On Thursday, Jan. 5 from 8:30-10:00 am we’ll be watching a live webcast of the Fordham Institute’s forum on accountability, starring Eric Hanushek, Charles Barone, Sandy Kress, and Mark Schneider.


Terry Moe on Teacher Union Power

Terry Moe talks with Eric Hanushek about his recent book, Special Interest: Teachers Unions and America’s Public Schools.


Adding Education and Growth to Deficit Talks

Eric Hanushek and Terry Moe talk about using education policy to improve long-term growth and reduce deficits.


Flawed Evaluation of Test-Based Accountability

Rick Hanushek critiques the latest anti-testing report from the National Research Council.


What We’re Watching: A Day in the Life of the National Online Teacher of the Year

Kristin Kipp teaches 11th and 12th grade English virtually from her home in Colorado.


What We’re Watching: Live Webcast of Fordham Event on Education Governance

Watch the Thomas B. Fordham Institute’s conference “Rethinking Education Reform in the 21st Century” streaming live all day (Thursday) from the Capitol Hilton in Washington D.C.


Ed Next Book Club: Chester Finn’s Troublemaker: A Personal History of School Reform Since Sputnik

Mike Petrilli talks with Chester Finn about the path education reform has taken over the past 40 years and his own path through history.


Ed Next Book Club: Paul Peterson’s Saving Schools

Mike Petrilli talks with Paul Peterson about six great education heroes.


What We’re Watching: Disruptive Innovations Could Transform Washington State Schools

Michael B. Horn explains how blended learning can be a useful and effective tool for teachers.


What We’re Watching: Mayor-Led Turnarounds in Los Angeles

Los Angeles Mayor Antonio Villaraigosa is working with the LAUSD to try to turn around 22 low-performing schools.


What We’re Watching: GA Supreme Court Strikes Down State Chartered Schools

In this Choice Media TV report, Georgians react to the news that their state can no longer approve or direct funding to charter schools.


What We’re Watching: NewSchools Interview with Sal Khan

NewSchools interviews Sal Khan, whose Khan Academy has delivered more than 71 million online video tutorials, as part of a series on education entrepreneurs.


What We’re Watching: The Other Achievement Gap

Are America’s highest achieving students being left behind? Watch the Thomas B. Fordham Institute’s webinar “The Other Achievement Gap”


Tony Miller Keynote on Learning from Other Countries

U.S. Deputy Secretary of Education Tony Miller discuss the importance of learning best practices from the highest-achieving nations in this keynote address.


Top U.S. School Districts Trail the Global Competition

Jay Greene discusses his Global Report Card, which reveals that even the most elite suburban U.S. school districts produce results that are mediocre when compared to those of international peers


Teacher Pensions: What Is To Be Done?

States owe hundreds of millions of dollars to teacher pension funds. In a new forum published in Education Next, three professors debate how serious the crisis is and what the appropriate response is.


What We’re Watching: U.S. Schools Fail International Competition

Eric Hanushek and Paul Peterson discuss how the United States compares to developed countries of the world in math achievement.


What We’re Watching: When Reform Touches Teachers

Randi Weingarten and Frederick M. Hess discuss bold changes that affect teachers, including dialing back pensions and union rights.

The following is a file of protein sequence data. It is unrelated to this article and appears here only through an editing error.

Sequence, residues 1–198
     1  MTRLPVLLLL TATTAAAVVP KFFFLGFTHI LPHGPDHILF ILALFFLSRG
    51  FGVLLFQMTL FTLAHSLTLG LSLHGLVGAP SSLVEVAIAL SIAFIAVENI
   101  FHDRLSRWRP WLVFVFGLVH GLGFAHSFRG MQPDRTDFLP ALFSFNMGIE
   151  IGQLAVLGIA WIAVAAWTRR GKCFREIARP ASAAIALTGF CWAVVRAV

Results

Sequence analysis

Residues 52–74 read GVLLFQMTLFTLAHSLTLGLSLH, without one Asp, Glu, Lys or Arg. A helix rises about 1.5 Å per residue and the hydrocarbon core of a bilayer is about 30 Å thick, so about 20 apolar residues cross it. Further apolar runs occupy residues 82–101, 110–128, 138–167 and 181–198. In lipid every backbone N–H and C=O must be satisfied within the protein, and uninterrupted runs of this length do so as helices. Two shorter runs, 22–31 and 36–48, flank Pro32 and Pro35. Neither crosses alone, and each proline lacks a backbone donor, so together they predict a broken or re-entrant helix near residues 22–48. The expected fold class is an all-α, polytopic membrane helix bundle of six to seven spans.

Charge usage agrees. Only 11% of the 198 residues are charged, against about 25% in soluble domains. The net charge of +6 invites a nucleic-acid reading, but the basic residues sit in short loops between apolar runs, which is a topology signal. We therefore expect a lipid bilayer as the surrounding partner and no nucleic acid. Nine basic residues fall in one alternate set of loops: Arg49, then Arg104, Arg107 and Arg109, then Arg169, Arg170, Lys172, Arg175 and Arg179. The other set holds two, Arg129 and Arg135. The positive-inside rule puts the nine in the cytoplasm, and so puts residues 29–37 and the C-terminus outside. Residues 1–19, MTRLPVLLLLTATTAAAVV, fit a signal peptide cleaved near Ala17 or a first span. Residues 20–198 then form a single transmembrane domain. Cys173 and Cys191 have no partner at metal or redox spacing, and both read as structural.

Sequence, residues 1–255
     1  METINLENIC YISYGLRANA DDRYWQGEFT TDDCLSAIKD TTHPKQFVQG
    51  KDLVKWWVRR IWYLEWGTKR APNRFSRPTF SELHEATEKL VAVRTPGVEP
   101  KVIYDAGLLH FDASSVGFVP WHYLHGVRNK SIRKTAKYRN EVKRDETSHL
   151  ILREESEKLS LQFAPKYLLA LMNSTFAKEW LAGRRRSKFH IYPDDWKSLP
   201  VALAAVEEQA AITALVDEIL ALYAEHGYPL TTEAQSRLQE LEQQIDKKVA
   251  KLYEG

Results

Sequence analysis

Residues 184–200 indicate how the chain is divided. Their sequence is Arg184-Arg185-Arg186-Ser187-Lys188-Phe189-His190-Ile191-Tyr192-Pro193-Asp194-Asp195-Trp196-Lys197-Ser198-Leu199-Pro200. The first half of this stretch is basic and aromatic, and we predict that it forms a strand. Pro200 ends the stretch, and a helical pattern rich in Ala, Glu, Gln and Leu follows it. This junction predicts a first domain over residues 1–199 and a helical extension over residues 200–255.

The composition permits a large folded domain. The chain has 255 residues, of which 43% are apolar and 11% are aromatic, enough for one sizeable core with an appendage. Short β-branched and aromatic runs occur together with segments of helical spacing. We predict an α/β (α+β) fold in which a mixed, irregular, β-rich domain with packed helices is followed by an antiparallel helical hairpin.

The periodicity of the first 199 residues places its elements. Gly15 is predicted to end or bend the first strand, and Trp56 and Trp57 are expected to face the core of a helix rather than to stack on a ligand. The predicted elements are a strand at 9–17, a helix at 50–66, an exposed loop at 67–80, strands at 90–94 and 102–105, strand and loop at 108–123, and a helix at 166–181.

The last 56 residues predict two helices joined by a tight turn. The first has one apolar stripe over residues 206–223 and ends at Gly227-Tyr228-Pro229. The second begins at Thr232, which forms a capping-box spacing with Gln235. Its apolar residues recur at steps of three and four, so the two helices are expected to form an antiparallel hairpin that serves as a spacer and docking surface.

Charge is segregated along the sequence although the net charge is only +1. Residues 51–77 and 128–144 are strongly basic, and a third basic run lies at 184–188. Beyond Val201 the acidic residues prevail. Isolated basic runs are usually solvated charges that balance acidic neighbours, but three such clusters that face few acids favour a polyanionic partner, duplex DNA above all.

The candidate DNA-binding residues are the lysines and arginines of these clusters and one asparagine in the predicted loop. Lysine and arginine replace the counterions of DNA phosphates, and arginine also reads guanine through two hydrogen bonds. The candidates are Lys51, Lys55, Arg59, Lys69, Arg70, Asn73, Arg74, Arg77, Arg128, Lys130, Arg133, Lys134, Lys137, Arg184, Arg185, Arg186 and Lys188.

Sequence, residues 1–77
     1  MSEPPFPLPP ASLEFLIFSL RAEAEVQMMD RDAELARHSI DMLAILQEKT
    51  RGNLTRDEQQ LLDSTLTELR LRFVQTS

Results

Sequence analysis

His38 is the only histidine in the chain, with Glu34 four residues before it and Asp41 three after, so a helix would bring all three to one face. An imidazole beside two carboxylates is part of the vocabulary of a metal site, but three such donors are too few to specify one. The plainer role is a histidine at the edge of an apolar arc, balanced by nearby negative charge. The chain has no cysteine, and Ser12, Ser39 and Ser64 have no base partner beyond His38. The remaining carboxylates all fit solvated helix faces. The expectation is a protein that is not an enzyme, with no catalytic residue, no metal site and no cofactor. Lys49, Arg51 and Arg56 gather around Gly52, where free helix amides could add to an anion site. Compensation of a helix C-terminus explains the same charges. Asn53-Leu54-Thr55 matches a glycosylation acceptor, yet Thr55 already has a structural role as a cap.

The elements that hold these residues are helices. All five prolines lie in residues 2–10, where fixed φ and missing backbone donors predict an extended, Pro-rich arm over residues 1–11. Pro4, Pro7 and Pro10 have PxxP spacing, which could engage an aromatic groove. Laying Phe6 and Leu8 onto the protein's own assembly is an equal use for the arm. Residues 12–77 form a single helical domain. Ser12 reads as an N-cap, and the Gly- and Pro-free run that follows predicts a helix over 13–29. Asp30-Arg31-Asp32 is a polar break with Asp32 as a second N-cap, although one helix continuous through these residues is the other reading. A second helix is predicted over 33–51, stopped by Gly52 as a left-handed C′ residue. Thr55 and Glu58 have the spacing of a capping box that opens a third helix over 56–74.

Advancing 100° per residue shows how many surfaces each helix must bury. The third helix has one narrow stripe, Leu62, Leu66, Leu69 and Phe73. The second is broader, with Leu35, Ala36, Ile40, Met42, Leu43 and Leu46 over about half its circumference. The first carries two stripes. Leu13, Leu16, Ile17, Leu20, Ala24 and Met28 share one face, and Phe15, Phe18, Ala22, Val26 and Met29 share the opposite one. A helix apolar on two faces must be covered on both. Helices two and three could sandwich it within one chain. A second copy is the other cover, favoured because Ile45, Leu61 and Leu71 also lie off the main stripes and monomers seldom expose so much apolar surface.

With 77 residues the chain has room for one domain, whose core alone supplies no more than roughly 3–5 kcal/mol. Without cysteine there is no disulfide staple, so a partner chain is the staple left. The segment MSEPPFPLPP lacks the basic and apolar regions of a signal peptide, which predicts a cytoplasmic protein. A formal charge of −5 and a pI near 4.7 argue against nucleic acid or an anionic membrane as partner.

Ed Next Book Club: Rick Hess’ The Same Thing Over and Over

Podcast: Mike Petrilli talks with Rick Hess about his magnum opus.


Performance Learning Centers

Photos: Additional images of Performance Learning Centers (PLCs) in Hampton and Richmond, VA.


Trimming the School Year

Paul Peterson and Eric Hanushek discuss California’s answer to potential cuts in school funding: reducing the school year.


Ed Next Book Club: Terry Moe’s Special Interest

Podcast: Mike Petrilli talks with Terry Moe about teachers unions


Schools’ Fiscal Crisis Unclear

Ed Next’s Paul Peterson and Eric Hanushek discuss whether there is a financial crisis in American education today.


What We’re Watching: From Bricks to Clicks

At the Aspen Ideas Festival, panelists discuss whether we are at a tipping point for diversifying the delivery of K-12 education.


What We’re Watching: A Physical Education in Naperville

Struggling students at Naperville Central High School are assigned to PE class right before English class, a move that has boosted their reading scores by half a year.


Ed Next Book Club: Jay Mathews’ Work Hard, Be Nice

Podcast: Mike Petrilli talks with Jay Mathews about his book on the founding and early years of KIPP.


Teach for America’s Entrepreneurial Alumni

Ed Next’s Mike Petrilli talks with two alumni of Teach for America, Veronica Nolan and Stephanie Saroki, about how TFA has managed to launch so many leaders of education organizations.


What We’re Watching: David Coleman on the Common Core Standards

David Coleman, a leader in the development of the Common Core Standards in literacy, sells the standards to principals at a conference in New York City last month.


What We’re Watching: Evaluating Teachers

D.C. teachers who have been evaluated using the district’s new, more rigorous evaluation system talk about how it works and how it compares to traditional teacher evaluation systems.


What We’re Watching: Teachers Unions and American Education Event at AEI

Stanford University professor Terry Moe debates Deborah Meier, the founder of New York City’s Central Park East schools, and Heather Harding of Teach for America.


Ed Next Book Club: David Whitman’s Sweating the Small Stuff

Podcast: Mike Petrilli talks with David Whitman about paternalistic schools.


What We’re Watching: Carpe Diem in the News